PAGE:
Kate at the Pageant 3: An adventure at Ranelagh

You may have heard the Fortean story of Miss Moberly and Miss Jourdain who went for a walk at Versailles one sunny afternoon in 1901 and found themselves back in the 18th century, where they saw Marie Antoinette. Or so they thought. After thinking about their experience for some time and doing some historical research they wrote a pseudonymous account simply called “An adventure”. Some writers called it a form of imaginative hallucination, others found rational explanations. I always wonder why the people in the past didn’t notice two strangely dressed English women in their midst. Pick out several time travelers in this picture among the 18th century people:

Episode 10 of the Chelsea Pageant was particularly appropriate. It was set in the 18th century pleasure gardens in the grounds of Ranelagh House, and the performance was taking place on the site of the Gardens.

Performers from the Pageant would be suitable subjects for another experiment in time travel. They’re already dressed for the part after all. But who to send?

Those guys, who are dressed as Joseph Addison and Richard Steele, men of letters, from Episode 9. They both look like they’d enjoy themselves, especially Mr Steele, the one on the right. Unfortunately the real men were dead by 1741 when the Gardens opened. But this trip back is to meet someone in particular. One of the non-speaking roles in the Pageant was a Miss Chudleigh. Could one of the ladies in this picture be playing her?

I’m thinking of one of these three:

They look like they could blend in with the crowd at Ranelagh. So let’s go.

Our trio can slip in among the daytime crowd. It’s early in the day in this view. Later on things will get a little hectic.

The building in the centre is the Rotunda. When the theatrical entrepreneurs and MP Sir Thomas Robinson bought the house and grounds belonging to the late Earl of Ranelagh they wanted something that would give their new venture the edge over the already established Vauxhall Gardens, south of the river but not too far away. The Rotunda was their answer. The domed structure was the same size as the Pantheon in Rome. Inside there was room for music, dancing, refreshments and that perennial 18th century pastime walking around looking good and seeing who else was there and what they were wearing.

The large structure in the centre supported the roof. It was originally a place for the orchestra, but the acoustics were no good apparently so the musicians moved to the side. Here is a view by Canaletto:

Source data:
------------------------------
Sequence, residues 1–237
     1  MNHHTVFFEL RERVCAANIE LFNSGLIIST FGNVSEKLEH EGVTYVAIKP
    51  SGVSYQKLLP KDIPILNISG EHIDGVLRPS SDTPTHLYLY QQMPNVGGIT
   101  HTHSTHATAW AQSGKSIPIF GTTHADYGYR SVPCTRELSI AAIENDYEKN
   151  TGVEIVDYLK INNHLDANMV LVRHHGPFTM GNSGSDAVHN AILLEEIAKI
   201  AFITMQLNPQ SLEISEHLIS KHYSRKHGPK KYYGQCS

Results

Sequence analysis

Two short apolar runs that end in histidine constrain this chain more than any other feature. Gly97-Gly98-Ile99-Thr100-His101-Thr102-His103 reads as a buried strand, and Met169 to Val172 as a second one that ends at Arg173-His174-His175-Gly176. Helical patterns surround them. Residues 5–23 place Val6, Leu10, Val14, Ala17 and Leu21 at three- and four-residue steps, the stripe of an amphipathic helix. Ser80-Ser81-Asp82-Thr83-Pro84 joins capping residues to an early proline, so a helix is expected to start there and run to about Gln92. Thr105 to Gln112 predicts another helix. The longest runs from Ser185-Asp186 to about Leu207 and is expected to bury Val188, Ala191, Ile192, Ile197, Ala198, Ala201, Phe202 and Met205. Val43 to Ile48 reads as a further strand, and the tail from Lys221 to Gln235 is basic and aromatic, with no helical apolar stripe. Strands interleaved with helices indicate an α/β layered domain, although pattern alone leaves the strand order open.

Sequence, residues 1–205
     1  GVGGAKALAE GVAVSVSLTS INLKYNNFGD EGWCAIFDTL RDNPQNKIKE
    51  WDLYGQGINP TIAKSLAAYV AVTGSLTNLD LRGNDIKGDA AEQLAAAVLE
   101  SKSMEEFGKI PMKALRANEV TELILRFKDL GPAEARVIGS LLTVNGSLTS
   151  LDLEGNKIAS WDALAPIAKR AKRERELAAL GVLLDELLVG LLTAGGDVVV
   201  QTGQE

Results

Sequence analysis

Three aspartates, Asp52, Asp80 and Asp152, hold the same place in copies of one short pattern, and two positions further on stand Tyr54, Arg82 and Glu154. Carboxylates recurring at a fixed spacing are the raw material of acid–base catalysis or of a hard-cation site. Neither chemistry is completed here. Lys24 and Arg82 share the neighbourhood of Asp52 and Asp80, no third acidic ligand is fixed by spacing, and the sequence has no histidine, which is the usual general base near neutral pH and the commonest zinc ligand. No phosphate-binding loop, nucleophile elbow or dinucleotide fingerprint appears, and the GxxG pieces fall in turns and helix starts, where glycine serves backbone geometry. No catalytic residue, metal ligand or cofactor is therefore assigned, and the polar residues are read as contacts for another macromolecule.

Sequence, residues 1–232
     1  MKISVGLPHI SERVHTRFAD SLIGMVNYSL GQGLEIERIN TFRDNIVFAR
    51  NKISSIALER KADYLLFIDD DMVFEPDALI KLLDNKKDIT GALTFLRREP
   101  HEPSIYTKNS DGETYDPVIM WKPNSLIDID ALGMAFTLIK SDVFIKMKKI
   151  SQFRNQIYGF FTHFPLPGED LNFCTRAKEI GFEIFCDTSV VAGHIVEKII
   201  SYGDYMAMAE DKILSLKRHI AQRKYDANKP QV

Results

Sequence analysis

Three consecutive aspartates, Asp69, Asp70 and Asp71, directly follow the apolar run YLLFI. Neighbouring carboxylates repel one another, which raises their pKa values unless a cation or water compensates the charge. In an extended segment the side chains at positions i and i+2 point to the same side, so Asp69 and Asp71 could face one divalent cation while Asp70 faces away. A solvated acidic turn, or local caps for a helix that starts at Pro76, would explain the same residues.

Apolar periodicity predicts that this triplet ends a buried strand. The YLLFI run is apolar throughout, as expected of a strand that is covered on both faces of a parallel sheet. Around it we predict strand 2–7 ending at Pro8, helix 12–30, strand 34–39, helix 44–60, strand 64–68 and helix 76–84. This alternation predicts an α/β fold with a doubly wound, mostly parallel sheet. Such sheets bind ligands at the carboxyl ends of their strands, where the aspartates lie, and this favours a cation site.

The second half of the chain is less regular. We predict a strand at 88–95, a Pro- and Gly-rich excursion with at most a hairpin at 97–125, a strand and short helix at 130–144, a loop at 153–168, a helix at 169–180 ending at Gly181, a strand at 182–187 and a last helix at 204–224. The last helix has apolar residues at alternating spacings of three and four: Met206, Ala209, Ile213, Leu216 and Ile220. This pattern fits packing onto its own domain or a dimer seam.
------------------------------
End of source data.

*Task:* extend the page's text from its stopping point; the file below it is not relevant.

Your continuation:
The boxes around the walls were small rooms which could be hired individually. Visitors could have meals served in them, or engage in other private activities. Ranelagh was open for visitors three days a week. There were morning and evening concerts, balloon ascents and other fireworks on special occasions. The most exclusive set of patrons thought it best to arrive after the last concert about 11 pm. The social gatherings went on for several hours more, often until dawn.

Our time traveling trio can mingle with the eminent and fashionable people of the day. Derby and Dawson of Cheyne Walk, the firm who provided costumes for the Pageant dealt in authentic 18th century clothing so no-one will penetrate their disguises. Many visitors to Ranelagh wore masks like Venetian carnival-goers.

Others wore more extravagant outfits as in this satirical, presumably slightly exaggerated view:

Cartoonists have always liked extreme hairstyles.

Others returned home the worse for the night’s festivities.

Our 20th century travelers are too careful for that. Remember I’ve sent them back on a mission. Look at these two images of the Venetian Masquerade on April 26th 1749.

There’s Mr Punch on the left and a host of exotic carnival characters both holy and unholy.

Do you see the difference? For some Ranelagh magic save both pictures and view them in rapid succession in your picture manager.

We’ll find the person we’re looking for next week, when we may also see our friend Mrs Rush. In the words of a 20th century pleasure seeker: “Hear all proper. Angel trumpets and devil trombones. You are invited.”

You can find a full account of the Versailles adventure in the August 2011 issue of Fortean Times or on wikipedia under the heading Moberly-Jourdain Incident.

 

Other posts about the Chelsea Historical Pageant:

Kate at the Pageant 1908

Kate at the Pageant 2: Tudor dreams

 


4 responses to “Kate at the Pageant 3: An adventure at Ranelagh

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